A laboratory at the bottom of the ocean might sound like something out of a James Bond movie, but it’s a real thing. In the second half of the 20th century, over 60 undersea labs were constructed to study all things ocean, but because of prohibitive costs most were shut down. Aquarius Reef Base is the only one still in operation today.
Aquarius is 60 feet below the water’s surface, in the research zone of the Florida Keys National Marine Sanctuary off Key Largo. However, once you’re in the lab you might as well be in outer space for how unlike anyplace else it is.
When divers reach the base, which sits in an open sandy patch near a coral reef, they enter through an air lock. Once inside the researchers have access to a wet lab, a dry lab, an electrically equipped computer space, and six bunks. A life support buoy connected to the lab contains a radio transmitter so that the researchers can communicate with mission control on the mainland. If this sounds reminiscent of a space station, you’re not far off. Aquarius partners with NASA to train astronauts in lunar and spacewalk expeditions, as the underwater environment provides a similar set of physical constraints to space. Divers are even referred to as “aquanauts”.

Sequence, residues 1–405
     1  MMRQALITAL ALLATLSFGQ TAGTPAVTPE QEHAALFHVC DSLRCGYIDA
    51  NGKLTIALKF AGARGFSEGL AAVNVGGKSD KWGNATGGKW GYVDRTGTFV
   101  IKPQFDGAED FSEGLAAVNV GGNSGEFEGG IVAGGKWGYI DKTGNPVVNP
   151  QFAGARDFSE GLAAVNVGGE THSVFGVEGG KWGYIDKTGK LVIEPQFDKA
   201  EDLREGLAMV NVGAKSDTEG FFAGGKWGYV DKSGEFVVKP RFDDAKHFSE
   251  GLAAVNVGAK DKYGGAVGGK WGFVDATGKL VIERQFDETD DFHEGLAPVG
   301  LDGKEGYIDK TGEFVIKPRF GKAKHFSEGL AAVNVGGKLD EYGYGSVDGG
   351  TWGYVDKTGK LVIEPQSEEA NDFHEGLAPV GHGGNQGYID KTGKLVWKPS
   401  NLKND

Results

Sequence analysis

Marine scientists are able to submerge for up to two weeks to work and live in Aquarius. Being in the undersea lab not only affords them up close and personal access to the ocean life they study, but it also cuts down on the cost and time of research dives. Living on the base, marine biologists have unparalleled access to neighboring Conch Reef. They can visit the reef daily to monitor its health and growth and return to the lab to process samples, all without ever resurfacing.
Despite its significance to the field of marine biology, Aquarius has not been without its struggles. The base has carried on through multiple hurricanes, the death of a diver, and an underwater generator fire. It was even closed, removed from the reef, and placed back in again after a loss and subsequent retrieval of funding.
Still, the lab remains an incredibly important place in ocean research. Fabien Cousteau, grandson of Jacques Cousteau, beat his grandfather’s record month-long underwater expedition by spending a 31 days on Aquarius Reef Base. During that brief time, the younger Cousteau estimated, he and his team were able to collect two years’ worth of data.